Smith, A. H. V. (1997): “Provenance of Coals from Roman Sites in England and Wales”, Britannia, Vol. 28, pp. 297–324 (322–4).
The environmental documentary, A Sea Change, employs multiple rhetorical devices in an attempt to both show viewers the dangers of ocean acidification and recruit their activism for a campaign against CO2 emissions. The film is filled with phrases like “massive changes of geologic scale” that are meant to highlight the magnitude of the issue. Dramatic music plays in parallel with images of fish and other colorful marine life to provide a foreboding tone when introducing the dangers of ocean acidification. Characters even recite personal anecdotes about how important fish were in their past, but none of these devices are as salient as the abundance of young people in the film. A Sea Change takes every opportunity possible to demonstrate the potential of the next generation.
Sven says early in the film that he is worried about the world Elias will be inheriting, but as a former educator, he understands the potential of Elias’s generation to make a change. He references the hipster generation and how their desire for change was noble and is still recognized today. He uses the hipster generation as an example of how passionate and energetic young people can be. In order to call upon the energy of the hipster generation, A Sea Change is filled with children. Elias’s curiosity and innocence is showcased in almost every scene. Whether it is his fascination with larger fish like whales and dolphins, or his intrigue about the tiny organisms in an isolated ecosystem, Elias enjoys marine life for its beauty and remains untouched by science and the knowledge that the ocean is not invulnerable. Elias’s role is supported by the daughter of the Pteropod researcher. When Sven and the researcher are discussing the “little water angels” the young girl gives her opinion on their appearance but obviously is uninvolved with the discussion about the dangers facing the Pteropods. This recurrent theme shows how children are still unaffected by the poison of politics and greed and how they can look past such mature topics into the true beauty of the ocean and ocean life. In this way, the film subtly makes the point that, while the adults in the world are already too used to the benefits of extreme CO2 emissions (cars, planes, trains, iron and steel) that they forget the importance of marine life, young people still have the ability to form their own opinions. They have to power to find new solutions for the need of a new generation. A Sea Change makes the point that the next generation has the ability to decide that the ocean is important. They have ability to change the infrastructure of the modern world to accommodate new needs and still end the worries of global warming and ocean acidification.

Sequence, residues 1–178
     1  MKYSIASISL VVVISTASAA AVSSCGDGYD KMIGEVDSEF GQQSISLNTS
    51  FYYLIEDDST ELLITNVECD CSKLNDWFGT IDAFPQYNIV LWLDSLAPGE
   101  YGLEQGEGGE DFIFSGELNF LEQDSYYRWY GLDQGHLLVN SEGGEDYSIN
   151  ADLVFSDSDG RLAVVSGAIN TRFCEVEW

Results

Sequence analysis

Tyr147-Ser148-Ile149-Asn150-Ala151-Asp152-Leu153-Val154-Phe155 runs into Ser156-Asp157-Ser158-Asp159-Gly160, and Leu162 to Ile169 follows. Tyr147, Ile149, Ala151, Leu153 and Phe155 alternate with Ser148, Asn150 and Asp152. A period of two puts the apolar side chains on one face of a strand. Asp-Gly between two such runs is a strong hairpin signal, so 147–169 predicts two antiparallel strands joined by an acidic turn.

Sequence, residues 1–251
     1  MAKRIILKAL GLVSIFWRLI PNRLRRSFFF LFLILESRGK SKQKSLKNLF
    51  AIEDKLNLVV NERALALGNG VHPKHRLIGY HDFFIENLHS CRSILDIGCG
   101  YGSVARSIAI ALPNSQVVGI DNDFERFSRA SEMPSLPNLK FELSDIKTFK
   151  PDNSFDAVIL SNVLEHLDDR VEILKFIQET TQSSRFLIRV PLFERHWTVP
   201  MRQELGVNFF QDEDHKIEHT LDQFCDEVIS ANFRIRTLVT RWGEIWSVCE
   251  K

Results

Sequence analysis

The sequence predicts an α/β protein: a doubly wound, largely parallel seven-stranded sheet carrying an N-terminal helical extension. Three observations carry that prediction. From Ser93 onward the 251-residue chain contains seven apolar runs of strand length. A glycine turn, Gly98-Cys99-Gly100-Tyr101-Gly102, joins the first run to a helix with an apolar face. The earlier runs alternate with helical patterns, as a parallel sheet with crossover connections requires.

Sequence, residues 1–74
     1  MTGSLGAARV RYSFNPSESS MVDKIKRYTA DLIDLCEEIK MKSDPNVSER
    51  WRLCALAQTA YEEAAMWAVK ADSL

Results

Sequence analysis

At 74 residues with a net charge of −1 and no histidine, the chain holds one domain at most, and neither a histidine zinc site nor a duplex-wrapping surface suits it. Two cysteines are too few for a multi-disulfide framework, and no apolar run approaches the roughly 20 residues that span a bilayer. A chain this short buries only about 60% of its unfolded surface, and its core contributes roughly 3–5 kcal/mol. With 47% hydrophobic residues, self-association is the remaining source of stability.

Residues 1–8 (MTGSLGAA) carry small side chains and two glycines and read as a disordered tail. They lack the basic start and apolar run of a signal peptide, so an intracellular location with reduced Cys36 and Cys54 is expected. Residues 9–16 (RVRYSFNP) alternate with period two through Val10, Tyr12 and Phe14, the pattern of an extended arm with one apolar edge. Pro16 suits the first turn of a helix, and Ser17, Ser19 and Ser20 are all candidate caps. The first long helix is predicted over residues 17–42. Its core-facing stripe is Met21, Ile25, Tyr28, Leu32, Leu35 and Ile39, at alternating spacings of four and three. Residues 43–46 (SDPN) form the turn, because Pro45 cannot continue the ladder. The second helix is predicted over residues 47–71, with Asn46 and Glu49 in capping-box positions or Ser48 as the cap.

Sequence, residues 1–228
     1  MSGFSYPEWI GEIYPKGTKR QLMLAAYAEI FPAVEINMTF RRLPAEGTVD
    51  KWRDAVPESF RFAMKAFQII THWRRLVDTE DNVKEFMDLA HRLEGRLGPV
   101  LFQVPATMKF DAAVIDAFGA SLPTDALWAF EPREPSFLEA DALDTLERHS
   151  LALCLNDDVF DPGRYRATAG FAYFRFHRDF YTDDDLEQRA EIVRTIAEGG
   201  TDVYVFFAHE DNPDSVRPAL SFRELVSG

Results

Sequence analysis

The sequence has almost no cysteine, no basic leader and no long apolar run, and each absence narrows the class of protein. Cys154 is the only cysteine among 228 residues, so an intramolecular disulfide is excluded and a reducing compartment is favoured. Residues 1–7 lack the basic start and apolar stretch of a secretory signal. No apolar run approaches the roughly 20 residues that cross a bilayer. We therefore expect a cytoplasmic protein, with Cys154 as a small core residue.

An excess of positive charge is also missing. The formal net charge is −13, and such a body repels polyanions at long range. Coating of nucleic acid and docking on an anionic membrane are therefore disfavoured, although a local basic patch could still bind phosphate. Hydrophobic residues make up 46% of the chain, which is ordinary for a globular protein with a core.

The end of the film supports this by introducing multiple current solutions to the CO2 problems. In addition to showing the availability of wind power in Sweden and America, it highlights a hotel that uses the energy in the ocean—rather than producing CO2 through combustion—to heat the entire facility. Finally, the young people motif returns to the forefront with the groundbreaking scene. This scene is perfect because it combines the energy of the high school students with the dream of a carbon-zero world. The image of one hundred students gathered to help provide a solution to the CO2 problems highlights the ability of the next generation to truly make a positive lasting impact on the world. Sven expresses his happiness with this beneficial project, and the audience of A Sea Change should share in his excitement.
A Sea Change was a great documentary in terms of presenting the dangers of ocean acidification to a general audience. Because the writers stayed away from the complicated science of ocean acidification, viewers are able to see the negative effects of it without being confused by the specifics. However, by simplifying everything the writers ended up with logical fallacies throughout the film. Whether on purpose or not, using these fallacies makes it difficult for viewers to have a thorough understanding of the situation.